change too. Finally, they understand that if initiatives like Common Market are to be scaled and replicated, they need to provide safe and trusted products to be competitive with conventional agriculture, processing, and distribution.
The Local Food Hub (LFH) in Charlottesville, VA
is another example of a young food hub that has
had significant success since launching in July 2009
with the help of many community members. According to Executive Director, Kristin Suokko,
LHF garnered broad support from the outset due
to their goals for community building and inclusiveness. LFH envisions changing the food system
so that local food is the norm, not the exception,
for all community members. Everyone should always have the ability to choose local first, and from
producers who are able to make a living. LFH has
built relationships with their 80 plus partner producers by demonstrating that they will pay them a
fair market price and on time. The vast majority of
their partner producers are quite small, and in fact,
many would be under the poverty level if they relied solely on their farm income. Over time these
small growers have been able to increase their sales
and their business, especially since LFH provides
them with a whole suite of services, including food
safety training, financial planning, packing workshops, and more. LFH has also partnered with the
International Refugee Committee (IRC) on a farm
worker training program. The program provides
refugees with training and job placement on-site at
LFH’s 70-acre certified organic educational farm.
Many producers in central Virginia have identified
growing the workforce of skilled farm laborers as a
need.
Similar to Common Market, LFH works with institutions to get local food to community members.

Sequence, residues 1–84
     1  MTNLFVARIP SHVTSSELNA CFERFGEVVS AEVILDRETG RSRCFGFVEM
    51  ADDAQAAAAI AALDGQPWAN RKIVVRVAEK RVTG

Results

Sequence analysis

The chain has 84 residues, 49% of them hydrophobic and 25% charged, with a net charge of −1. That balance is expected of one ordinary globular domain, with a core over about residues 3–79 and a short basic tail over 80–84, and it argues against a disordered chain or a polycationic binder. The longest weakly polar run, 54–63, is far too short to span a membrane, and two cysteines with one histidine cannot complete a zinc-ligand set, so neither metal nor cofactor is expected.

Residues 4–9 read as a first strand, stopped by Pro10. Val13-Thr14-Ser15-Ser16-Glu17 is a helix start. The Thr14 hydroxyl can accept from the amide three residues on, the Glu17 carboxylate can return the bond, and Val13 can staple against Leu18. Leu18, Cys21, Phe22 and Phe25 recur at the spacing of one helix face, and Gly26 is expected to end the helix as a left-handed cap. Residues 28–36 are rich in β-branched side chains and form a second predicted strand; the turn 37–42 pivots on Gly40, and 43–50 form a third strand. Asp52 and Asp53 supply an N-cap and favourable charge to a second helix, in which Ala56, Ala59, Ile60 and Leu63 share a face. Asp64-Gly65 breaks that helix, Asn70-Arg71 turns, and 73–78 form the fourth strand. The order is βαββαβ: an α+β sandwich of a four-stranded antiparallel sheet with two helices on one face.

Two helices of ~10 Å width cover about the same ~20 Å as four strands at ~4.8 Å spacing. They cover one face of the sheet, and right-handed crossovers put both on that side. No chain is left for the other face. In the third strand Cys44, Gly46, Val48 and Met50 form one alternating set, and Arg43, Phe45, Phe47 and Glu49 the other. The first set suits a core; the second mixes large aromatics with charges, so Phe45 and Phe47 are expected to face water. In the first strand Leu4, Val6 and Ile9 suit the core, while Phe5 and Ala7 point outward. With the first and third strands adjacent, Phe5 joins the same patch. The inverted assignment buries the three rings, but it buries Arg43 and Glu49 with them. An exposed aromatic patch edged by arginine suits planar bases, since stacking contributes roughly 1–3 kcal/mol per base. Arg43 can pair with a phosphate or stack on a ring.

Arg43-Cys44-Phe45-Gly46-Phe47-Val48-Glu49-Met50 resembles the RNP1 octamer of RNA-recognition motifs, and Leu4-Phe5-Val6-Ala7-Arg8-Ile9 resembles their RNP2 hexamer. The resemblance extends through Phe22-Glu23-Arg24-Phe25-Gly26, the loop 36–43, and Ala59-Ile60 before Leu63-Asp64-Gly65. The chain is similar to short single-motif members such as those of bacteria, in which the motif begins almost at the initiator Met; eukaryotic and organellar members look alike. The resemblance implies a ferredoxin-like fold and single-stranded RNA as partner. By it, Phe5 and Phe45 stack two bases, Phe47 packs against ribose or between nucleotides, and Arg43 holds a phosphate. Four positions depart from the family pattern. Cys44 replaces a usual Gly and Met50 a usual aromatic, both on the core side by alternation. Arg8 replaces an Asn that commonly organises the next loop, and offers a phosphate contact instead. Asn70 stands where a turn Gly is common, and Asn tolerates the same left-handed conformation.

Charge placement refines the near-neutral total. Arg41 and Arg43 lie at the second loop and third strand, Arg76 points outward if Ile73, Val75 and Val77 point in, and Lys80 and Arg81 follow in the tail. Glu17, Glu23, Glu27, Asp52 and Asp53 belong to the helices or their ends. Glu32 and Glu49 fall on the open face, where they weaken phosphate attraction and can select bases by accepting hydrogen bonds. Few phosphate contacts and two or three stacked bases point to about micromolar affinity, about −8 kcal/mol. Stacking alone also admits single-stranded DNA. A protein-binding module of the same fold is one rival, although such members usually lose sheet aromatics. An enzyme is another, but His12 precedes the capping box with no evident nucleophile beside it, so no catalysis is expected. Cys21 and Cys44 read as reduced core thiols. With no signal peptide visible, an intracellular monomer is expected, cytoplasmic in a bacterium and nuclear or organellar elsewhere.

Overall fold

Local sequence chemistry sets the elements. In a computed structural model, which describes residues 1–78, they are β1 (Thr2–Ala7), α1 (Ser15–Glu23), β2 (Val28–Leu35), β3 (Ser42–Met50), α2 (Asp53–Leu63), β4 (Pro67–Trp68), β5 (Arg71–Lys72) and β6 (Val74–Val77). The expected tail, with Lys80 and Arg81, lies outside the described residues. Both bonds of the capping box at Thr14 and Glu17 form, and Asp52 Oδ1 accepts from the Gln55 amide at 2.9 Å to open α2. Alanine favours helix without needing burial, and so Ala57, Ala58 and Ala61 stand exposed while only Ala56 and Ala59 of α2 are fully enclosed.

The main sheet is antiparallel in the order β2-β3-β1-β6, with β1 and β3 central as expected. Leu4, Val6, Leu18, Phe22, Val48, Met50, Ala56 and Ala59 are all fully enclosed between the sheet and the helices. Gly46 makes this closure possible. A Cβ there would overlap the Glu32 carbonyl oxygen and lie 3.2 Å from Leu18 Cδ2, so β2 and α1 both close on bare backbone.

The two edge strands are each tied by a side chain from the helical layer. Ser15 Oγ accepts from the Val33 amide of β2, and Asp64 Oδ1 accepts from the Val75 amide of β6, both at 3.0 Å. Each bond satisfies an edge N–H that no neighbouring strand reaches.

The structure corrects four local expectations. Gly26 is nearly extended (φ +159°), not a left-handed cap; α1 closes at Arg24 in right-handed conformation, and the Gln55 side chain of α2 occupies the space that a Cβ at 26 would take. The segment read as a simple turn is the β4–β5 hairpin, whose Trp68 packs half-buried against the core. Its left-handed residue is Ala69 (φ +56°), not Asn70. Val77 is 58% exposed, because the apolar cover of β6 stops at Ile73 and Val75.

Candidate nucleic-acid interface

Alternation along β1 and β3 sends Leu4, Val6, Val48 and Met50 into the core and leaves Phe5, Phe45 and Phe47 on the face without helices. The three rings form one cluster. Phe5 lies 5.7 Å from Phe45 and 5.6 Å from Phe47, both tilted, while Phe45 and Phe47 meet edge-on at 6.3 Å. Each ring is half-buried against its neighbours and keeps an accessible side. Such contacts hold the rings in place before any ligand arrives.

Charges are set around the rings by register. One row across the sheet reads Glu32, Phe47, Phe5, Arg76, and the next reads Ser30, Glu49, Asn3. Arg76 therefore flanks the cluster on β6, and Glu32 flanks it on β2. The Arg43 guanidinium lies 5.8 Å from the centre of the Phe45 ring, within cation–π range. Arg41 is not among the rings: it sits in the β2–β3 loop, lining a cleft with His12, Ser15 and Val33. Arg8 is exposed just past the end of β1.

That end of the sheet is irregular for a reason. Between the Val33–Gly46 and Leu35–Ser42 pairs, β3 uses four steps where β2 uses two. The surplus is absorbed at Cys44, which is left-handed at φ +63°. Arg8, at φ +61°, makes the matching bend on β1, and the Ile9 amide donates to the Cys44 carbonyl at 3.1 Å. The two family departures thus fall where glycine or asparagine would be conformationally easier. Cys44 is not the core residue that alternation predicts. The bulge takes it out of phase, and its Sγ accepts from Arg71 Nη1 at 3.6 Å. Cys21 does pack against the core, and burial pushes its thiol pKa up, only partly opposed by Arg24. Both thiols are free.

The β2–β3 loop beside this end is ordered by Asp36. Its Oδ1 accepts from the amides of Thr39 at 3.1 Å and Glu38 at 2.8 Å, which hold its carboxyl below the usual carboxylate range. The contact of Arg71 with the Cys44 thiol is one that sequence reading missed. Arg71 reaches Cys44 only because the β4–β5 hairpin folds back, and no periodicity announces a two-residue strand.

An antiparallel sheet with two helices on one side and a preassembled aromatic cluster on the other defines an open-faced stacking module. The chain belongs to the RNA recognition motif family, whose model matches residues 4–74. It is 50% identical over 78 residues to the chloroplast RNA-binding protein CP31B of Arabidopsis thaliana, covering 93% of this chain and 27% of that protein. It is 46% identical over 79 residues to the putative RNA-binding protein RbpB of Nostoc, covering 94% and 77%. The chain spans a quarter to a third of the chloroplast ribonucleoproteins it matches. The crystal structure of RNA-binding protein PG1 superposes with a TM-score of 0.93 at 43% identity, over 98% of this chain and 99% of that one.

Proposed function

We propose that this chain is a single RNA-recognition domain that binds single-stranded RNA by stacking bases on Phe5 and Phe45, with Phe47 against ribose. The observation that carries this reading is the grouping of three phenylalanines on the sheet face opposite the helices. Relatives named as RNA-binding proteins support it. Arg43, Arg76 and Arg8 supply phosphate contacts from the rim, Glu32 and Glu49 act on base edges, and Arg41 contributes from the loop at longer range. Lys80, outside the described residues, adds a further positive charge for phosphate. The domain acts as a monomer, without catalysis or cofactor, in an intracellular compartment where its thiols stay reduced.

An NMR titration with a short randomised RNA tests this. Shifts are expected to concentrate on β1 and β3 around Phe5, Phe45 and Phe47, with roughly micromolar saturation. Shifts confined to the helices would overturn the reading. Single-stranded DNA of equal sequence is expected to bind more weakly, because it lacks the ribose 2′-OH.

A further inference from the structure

LHF has tripled the number of schools they work
with since their launch, many of them rural with
high numbers of low income students. LFH also
donates food to organizations supporting underserved members of the Charlottesville community.
Suoko argued that food access is the best lens
through which to look at the food system and understand a whole host of social and economic issues that follow. Every benefit – for farmers, for
the environment, for public health – that comes
from a robust local food system is more fully realized when it penetrates the entire community.
Photo: DC Central Kitchen
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The final panel presenter was Lindsay Palmer, the
Director of Nutrition and Community Outreach
for DC Central Kitchen (DCCK). Palmer introduced DCCK’s sweeping mission to the audience:
to use food as a tool to strengthen bodies, empower minds, and build communities.
DCCK does this through a variety of programs,
including job training, food recycling, and social
enterprise. They are a well-established nonprofit
that understands the needs of different communities in DC, including the deep disparities between
the most affluent and most impoverished city